And why move to hex?
The number pad is a really nice way to type in addresses, only takes one hand.
A-F are all left handed, so that's kind of OK, until that pesky colon, which moves the right hand back again - and it leaves you tracking the address with eyes only, not a finger.
Of course the idea is to DNS everything, so we never need to type an IPv6 address - which is fine, how do I log in to fix the DNS server?
@PM - In your example, you would have only provided for growth of ~65000x, but there's more addresses than that already in use worldwide based on the massive oversubscription associated with RFC-1918 private addresses. The much larger, 128-bit address space of IPv6 guarantees centuries of address growth without another redesign of network addressing.
Well - no. He's actually defined a system for extension that could be reworked in a few years as well - just add another pair of octets up front with a "if not present assume 00.00".
I thought the intent was to allocate everyone a /64 subnet - so the IPV6 space is only 64 bits in terms of public facing addresses anyway (internal networks should be fine, reducing the oversubscription factor, but we are only doubling the length of public end points).
It's probably fine, but who saw the growth in mobile devices - what is next? I don't know, you don't know.
Solve the problem you have now...
Every time I've looked to try and do IPv6 I've been hindered by the complete lack of useful things to interact with - to the extent that I can't be bothered any more.
They're either too small to properly browse or too large to use as a phone.
I'm pondering a Pebble to go with the iPad mini (similar sized Android devices exist, but I need iOS for remote control of certain audio hardware), and a "feature" phone*.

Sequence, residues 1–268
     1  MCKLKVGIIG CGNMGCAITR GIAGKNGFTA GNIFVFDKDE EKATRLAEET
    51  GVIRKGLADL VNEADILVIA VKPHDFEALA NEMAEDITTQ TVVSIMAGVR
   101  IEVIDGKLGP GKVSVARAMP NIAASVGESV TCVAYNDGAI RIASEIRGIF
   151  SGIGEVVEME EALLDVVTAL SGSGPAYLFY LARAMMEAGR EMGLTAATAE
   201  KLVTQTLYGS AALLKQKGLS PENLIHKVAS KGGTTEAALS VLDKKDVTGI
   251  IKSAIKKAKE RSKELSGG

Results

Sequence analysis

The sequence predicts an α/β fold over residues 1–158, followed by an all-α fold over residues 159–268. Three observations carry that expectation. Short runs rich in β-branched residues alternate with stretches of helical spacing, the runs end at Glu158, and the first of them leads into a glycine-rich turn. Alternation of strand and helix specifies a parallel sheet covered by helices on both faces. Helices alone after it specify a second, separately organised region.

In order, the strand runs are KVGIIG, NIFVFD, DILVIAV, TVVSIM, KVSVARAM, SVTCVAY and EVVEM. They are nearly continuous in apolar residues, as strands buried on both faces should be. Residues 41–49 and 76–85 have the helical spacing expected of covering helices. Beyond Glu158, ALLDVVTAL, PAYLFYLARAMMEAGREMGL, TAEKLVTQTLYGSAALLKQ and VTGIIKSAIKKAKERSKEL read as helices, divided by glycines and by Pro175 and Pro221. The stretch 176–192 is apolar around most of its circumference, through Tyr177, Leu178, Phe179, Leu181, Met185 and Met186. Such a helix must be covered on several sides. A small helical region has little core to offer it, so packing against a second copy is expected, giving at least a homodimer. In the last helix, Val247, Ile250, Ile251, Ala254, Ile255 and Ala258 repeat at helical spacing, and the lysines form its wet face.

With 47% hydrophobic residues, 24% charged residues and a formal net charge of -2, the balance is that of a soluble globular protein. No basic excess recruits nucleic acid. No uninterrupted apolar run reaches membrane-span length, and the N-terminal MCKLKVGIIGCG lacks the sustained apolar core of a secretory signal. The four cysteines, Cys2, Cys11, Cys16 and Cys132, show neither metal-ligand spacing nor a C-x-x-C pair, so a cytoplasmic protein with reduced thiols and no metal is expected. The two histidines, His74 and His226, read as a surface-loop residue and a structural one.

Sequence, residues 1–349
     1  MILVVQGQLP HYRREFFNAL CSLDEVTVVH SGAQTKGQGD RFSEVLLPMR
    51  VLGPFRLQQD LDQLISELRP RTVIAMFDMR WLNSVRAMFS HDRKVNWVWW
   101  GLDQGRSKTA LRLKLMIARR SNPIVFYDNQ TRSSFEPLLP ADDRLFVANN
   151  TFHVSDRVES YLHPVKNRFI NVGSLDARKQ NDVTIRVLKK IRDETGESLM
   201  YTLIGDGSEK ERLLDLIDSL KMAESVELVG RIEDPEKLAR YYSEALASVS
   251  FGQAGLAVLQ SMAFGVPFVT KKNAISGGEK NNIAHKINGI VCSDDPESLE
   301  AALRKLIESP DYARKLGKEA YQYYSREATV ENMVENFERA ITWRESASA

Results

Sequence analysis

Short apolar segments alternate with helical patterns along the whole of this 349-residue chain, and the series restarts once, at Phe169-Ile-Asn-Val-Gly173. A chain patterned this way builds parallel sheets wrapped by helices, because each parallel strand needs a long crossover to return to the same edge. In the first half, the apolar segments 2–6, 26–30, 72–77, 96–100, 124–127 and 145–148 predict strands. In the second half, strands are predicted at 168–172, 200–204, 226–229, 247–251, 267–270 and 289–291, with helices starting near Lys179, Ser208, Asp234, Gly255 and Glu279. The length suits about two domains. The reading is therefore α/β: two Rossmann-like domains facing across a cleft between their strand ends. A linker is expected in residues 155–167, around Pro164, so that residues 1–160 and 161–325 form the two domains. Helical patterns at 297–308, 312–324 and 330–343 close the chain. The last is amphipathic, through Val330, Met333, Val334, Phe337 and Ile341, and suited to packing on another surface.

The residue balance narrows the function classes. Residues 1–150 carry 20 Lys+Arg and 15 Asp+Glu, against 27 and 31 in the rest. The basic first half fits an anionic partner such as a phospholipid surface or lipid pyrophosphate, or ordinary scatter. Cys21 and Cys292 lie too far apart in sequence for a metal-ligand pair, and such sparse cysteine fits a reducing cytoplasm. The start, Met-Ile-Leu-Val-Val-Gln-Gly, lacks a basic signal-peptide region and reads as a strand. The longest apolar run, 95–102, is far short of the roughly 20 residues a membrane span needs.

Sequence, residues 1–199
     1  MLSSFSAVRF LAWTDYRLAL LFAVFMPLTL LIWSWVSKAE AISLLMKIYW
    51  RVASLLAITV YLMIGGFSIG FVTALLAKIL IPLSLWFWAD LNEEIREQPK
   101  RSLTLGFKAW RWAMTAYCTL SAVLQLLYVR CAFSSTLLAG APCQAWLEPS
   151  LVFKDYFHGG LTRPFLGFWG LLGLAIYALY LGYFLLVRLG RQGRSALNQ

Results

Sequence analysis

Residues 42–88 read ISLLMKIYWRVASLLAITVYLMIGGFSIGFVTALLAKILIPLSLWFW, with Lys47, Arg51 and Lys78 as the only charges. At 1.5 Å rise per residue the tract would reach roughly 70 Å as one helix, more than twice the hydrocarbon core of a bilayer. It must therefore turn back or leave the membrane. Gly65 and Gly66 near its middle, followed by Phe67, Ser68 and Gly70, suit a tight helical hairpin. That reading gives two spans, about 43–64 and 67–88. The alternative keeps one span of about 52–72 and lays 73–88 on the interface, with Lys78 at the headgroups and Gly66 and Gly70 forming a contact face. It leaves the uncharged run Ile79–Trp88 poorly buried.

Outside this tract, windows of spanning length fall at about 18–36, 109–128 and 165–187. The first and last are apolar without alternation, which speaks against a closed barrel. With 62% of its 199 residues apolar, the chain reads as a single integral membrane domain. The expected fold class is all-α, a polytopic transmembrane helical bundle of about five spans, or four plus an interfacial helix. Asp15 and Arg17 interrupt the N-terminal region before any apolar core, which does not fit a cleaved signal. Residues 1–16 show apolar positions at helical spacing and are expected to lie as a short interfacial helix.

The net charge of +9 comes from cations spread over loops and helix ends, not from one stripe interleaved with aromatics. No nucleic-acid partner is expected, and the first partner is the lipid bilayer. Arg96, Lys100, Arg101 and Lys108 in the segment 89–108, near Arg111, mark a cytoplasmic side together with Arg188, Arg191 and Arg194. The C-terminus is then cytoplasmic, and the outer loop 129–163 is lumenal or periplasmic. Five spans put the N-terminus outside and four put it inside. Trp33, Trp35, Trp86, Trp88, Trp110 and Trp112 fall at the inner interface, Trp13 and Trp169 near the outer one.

Nexus7/iPad Mini sized tablets hit that sweetspot - for me - of being pocketable (easier for the N7 than the iMini due to aspect ratios) and yet large enough to be properly useful.
* It's a phone - that's the "feature" I need... Currently using a 'smart'phone as a feature phone - until it dies anyway.
@Chris 17 - Should cyclists need some training to give vehicles a wide berth before driving on Londons roads?
Maybe drivers should get some training to give vehicles (which includes cycles) a wide berth.
Construction lorries (and other similar vehicles, but they are the massively over represented vehicle type) should be required to have a banksman, and should be banned during peak commuter traffic.
Or maybe we could actually build sensible infrastructure to keep the big metal boxes away from people, without ridiculously impeding the flow of those people.
@jake - "The concept WILL kill people. Honestly, the mind boggles ..."
Erm - are you saying that meatbag controlled vehicles don't?
I suggest that there will be far fewer fatalities (evidenced by the reduction in minor incidents that the current crop of cars are experiencing) with something that doesn't get tired or angry at the controls of the lethal weapons we seem content to let rule our lives.
Combine it with the PoE LED lighting suggested a couple of days ago...
Run Cat6 to your light fittings - use PoE for the LED fixture and an array of antenna.
Many rooms have a centrally located, elevated, lamp - or a set of elevated lamps at intervals along the walls - They would be ideal locations.
Of course I still can't quite work out why I need more wireless bandwidth - specialised cases (HDMI replacement) will be static and not subject to people walking in their beam path...
@a_yank_lurker - Apple uipgrades
From what i can tell apple give you a nice big splashscreen with a "Yosemite is out, do you want to upgrade" question.
If you say "Yes, do it now" (as opposed to "ask again later" or "no") then it goes and downloads many, many files.
It doesn't download them, and then ask...
Of course many of the minor fixes are vague as well, although I don't know if that is just to consumers and IT depts (with paid up support) get more detailed descriptions.